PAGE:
Say Your Name Over and Over and It'll Start to Sound Like Nonsense
My first friend in college was a kid named Dylan who wore swim trunks to class, listened to a lot of Sublime and 311 and smoked pot out of a hookah pipe in his garage. He’d enrolled in order to play for the school’s baseball team, which had a pretty good record of turning DIII standouts into minor leaguers, but his academic interests (no offense to other Physical Therapy majors out there) didn’t go much further than learning how to stretch the calves. He was a fine fellow, and we enjoyed each other’s company mostly because we had nothing in common and therefore everything to learn from each other. I shared my interest in Thurber cartoons; he taught me how to talk to girls (turns out you don’t say anything, just smile at them long enough until they ask you what you’re looking at). But one day in an intro to sociology class, I noticed him furiously filling out a notebook. At a break in the action, I leaned over and asked what he was on to. “Practicing,” he said. He handed me the notebook, and in three pages of perfect script, he’d written his autograph over and over and over.
This is awesome on multiple levels, but the one most relevant to this column is the way those pages of autographs relate to a phenomenon called semantic satiation. In 1907, two psychologists named E. Severance and M.F. Washburn wrote in the Journal of American Psychology,
“If a printed word is looked at steadily for some little time, it will be found to take on a curiously strange and foreign aspect. This loss of familiarity in its appearance sometimes makes it look like a word in another language, sometimes proceeds further until the word is a mere collection of letters, and occasionally reaches the extreme where the letters themselves look like meaningless marks on the paper.”
The above passage is quoted in a 1962 doctoral thesis by Leon Jacobovitz James, half of the duo (along with Wallace Lambert) who coined the term “semantic satiation” a year earlier in the Journal of American Psychology. Their experiments, using what’s called Osgood’s semantic differential, determined that “words that evoke intense affective responses,” when said repeatedly to oneself, lose their intensity ratings. After decades of academic bickering over the semantics of “semantics” (vs., say, “perception”), the conclusion today is that semantic satiation is indeed valid, and it works for pretty much any word. Bologna. Snorkel. Toyota Corolla. Say something over and over and it morphs into meaningless sound.
Grant Barrett, co-host of the public radio program A Way with Words (and my boss), described this on a recent episode as the equivalent of what he calls the Gnarly Foot. Take off your sock, stare at your foot for a couple minutes, and you’ll start to wonder how something so strange could be attached to your body. When it starts to get uncomfortable, just resume saying bologna over and over, and that should redirect your confusion.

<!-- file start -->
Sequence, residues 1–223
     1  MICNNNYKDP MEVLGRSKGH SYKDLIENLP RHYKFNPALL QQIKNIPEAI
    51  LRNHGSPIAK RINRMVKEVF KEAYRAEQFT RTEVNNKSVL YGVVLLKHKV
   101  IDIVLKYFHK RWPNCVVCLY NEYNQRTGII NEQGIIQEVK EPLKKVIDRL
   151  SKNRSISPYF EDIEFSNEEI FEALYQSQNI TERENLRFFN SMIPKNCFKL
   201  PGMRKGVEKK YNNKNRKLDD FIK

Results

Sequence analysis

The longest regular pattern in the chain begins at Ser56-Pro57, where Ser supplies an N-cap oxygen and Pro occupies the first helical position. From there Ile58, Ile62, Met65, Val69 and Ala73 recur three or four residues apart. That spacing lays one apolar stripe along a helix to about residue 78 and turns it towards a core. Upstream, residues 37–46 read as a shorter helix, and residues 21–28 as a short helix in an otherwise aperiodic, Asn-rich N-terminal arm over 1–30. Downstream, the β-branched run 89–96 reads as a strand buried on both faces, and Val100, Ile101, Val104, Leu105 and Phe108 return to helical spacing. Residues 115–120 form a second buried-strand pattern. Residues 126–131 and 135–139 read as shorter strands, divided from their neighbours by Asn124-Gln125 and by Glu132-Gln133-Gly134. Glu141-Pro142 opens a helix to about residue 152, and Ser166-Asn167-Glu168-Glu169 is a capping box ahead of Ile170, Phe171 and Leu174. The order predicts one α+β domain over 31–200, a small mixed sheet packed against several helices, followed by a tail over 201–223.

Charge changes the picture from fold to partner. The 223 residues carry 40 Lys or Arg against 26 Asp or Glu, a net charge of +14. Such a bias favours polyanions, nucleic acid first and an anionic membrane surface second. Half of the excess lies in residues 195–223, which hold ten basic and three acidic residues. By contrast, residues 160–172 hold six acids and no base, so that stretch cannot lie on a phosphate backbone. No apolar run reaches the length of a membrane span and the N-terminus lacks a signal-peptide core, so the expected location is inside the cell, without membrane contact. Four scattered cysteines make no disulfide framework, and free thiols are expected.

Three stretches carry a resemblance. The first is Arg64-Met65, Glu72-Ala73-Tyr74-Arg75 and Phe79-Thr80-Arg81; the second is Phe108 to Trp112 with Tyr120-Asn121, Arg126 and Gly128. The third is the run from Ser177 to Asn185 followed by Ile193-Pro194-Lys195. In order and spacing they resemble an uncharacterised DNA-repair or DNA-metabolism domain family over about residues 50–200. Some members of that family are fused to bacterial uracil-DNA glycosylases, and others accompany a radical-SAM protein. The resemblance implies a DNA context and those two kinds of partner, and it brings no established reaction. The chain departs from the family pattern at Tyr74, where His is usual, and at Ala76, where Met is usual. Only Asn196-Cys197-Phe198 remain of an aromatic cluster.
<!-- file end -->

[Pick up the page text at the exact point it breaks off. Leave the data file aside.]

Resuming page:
The effects of semantic satiation, if you’ll allow my liberal generosity, are both wonderfully and terrifyingly widespread. It’s perhaps the root of clichés, especially political clichés. If a congressman stood up and said they supported liberty and freedom, would you have any idea what they were talking about? The press, especially in the age of Twitter and 24-hour cable news, surely provokes semantic satiation. Does “Breaking News” mean anything? Daily Show monologues couldn’t exist without the absurd montages of 10 news anchors saying Snowquester. Clarity and accuracy are obviously concerns of their own when it comes to word choice, but the prospect of losing meaning through repetition ought to be a spur to writers and speakers looking to have an impact.
That said, semantic satiation has its upsides. Rock bands will let a fuzzy guitar drone and repeat one lyric over and over for a reason — it’s transient as shit. And the fact that a word’s meaning can be drained through repetition is a glorious knock against those who hold essentialist views about language or uphold any kind of ethnocentric language hierarchies.
I still have my friend Dylan’s sheet of autographs in a folder in my closet. I held onto it thinking that one day he’d make it to the bigs, but the last time I spoke with him, it was freshman year and he’d dropped out after one semester to return to the garage. For all I know, he’s still in there, getting stoned and staring at his foot, laughing.